The war on terror here in Rim Country’s not going so well. No, we’re not talking about the distant threat of a terrorist bomb that so preoccupies Congress, although it poses no threat at all to this community.
We’re talking about domestic violence.
You need look no further than today’s paper, with the disturbing story of one Payson man’s reign of terror over a woman who spent years seeking help. A jury convicted Terry John Parker of harassment and domestic violence.
Back in 2009, a terrified woman obtained an order of protection against him — after he warned her against testifying against him in a criminal case.
Despite the court order, Parker continued to harass, intimidate and threaten her for years. In one case, he actually tried to send her a letter from jail through a chaplain, in violation of the still-standing order.
But Parker, with apparent impunity, ignored court orders to terrorize his victim, given his criminal history and access to weapons.
Finally, a jury convicted him on multiple counts of domestic violence and interfering with judicial proceedings. He will face sentencing on Sept. 13 and could receive anywhere from 3 to 21 years in prison.
Domestic violence remains our great and terrible scourge. An estimated 1.3 million women suffer physical assault by intimate partners each year, according to the National Coalition against Domestic Violence. Surveys suggest women actually report only about one-fifth of the assaults they suffer. Domestic violence also accounts for one third of the murders of women.
An estimated 1 in 6 women and 1 in 33 men have experienced a rape or rape attempt — most committed by people they know. Almost half of all women who get beaten by their partner also suffer sexual assault. A dismaying 1 in 12 women and 1 in 45 men say they’ve been stalked.
Orders of protection do work — sort of. One study by researchers from the National Institutes of Health followed for two years 150 women who had asked for orders of protection. One woman committed suicide soon after the study started, a sign of the terrible toll this terrorism takes on its victims. The others all reported a decline in assault, threats, stalking and worksite harassment over the course of the study. Interestingly, this decline affected both women granted the order of protection and those denied the court’s protection. Apparently, the decision to stand up to the abuser marks the turning point — even without the help of authorities.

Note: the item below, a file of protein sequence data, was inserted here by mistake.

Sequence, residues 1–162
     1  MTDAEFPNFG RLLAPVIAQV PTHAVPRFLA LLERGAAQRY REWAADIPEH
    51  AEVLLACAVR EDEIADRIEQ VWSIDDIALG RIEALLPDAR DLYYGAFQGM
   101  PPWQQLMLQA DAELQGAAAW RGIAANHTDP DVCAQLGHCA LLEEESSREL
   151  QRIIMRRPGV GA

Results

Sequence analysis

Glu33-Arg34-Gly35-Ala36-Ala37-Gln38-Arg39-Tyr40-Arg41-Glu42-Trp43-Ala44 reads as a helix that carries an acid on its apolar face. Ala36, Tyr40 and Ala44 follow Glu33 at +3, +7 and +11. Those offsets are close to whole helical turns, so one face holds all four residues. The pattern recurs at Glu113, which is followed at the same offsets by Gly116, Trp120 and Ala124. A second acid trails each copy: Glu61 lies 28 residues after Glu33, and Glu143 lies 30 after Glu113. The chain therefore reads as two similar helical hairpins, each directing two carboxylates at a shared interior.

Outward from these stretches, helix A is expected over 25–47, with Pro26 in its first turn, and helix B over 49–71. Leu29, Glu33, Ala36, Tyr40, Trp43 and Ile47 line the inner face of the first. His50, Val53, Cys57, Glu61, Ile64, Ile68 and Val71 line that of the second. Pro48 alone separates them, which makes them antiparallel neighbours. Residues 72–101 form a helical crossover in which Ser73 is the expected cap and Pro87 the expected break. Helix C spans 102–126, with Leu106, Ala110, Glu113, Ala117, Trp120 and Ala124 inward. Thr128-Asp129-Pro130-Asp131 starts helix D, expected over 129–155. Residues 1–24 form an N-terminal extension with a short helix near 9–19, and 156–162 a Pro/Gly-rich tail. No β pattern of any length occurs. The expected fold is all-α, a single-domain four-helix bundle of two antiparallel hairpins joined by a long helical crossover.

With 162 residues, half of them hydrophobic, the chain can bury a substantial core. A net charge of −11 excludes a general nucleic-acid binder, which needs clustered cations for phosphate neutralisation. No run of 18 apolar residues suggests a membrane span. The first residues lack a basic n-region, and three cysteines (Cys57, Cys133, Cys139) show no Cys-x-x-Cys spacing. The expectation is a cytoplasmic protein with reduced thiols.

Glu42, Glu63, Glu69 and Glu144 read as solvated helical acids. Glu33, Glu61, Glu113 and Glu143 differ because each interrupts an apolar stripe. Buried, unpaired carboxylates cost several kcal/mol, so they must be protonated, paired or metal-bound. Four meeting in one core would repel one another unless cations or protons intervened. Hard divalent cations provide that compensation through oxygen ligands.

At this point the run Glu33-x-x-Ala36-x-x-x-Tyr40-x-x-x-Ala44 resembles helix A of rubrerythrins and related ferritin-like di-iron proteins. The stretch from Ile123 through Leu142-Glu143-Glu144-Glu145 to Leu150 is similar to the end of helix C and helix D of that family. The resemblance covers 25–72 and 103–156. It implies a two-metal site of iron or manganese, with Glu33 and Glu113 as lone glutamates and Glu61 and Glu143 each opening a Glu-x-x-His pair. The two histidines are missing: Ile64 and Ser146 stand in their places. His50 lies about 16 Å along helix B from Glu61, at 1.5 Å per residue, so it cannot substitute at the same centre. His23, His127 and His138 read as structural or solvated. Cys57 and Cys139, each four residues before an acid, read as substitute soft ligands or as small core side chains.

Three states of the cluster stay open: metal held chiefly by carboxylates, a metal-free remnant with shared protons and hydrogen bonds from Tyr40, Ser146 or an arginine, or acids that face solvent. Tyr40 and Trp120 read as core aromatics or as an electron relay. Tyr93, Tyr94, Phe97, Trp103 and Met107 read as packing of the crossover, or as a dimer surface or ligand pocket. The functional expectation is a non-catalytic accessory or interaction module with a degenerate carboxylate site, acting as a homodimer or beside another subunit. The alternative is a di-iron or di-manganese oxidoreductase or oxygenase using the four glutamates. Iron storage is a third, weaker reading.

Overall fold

Still, studies show batterers violate half of the protection orders issued — and stalkers and rapists violate three out of four of those orders.
So while we hope a nice, long prison sentence will end the nightmare for Parker’s victim, we must also insist that the system do more to protect the victims of this most deadly form of terrorism.
For starters, that means making sure anyone who violates an order of protection does time behind bars — right away — not four years later.
We run out of room
Sometimes, we just run out of room.
That’s especially true when it comes to documenting what a great community the open-hearted residents of Rim County have created.
Just skim today’s paper.
Out front, you’ll find the story of Rocky, a dog rescued by the Humane Society, then adopted by a good-hearted woman who turned the amiable pooch into a therapy dog that delights in visits to nursing homes.
On the inside you’ll find stories and notices about the Kaitie’s Closet clothing give-away at the middle school, the donation-supported promo for the Missoula Children’s Theater show, a bake sale to raise money for church missions, a clothing sale at the Nook to benefit a pregnancy and parenting center, a Wells Fargo donation to Habitat for Humanity, the Beaver Valley Days fund-raiser for wildfire prevention, the PetSmart grant to provide low-cost spay and neuter services and the standout performance of local kids in clubs supported by Credit for Kids donations.
That’s just today’s paper. Next issue, we’ll report on another slew of good causes supported by the residents of Rim Country.
Admittedly — Americans are a generous lot. The American Enterprise Institute reports that on a per-capita basis, Americans donate more to charity than any other country. That includes four times as much as the French, seven times as much as the Germans and 14 times as much as the Italians. Moreover, Americans are also far more likely to donate their time to charitable organizations.
But even matched against an American standard of generosity — Rim Country residents continue to open their hearts — and wallets — at impressive rates. So please excuse us if we don’t mention you all. We run out of room long before you folks run out of heart.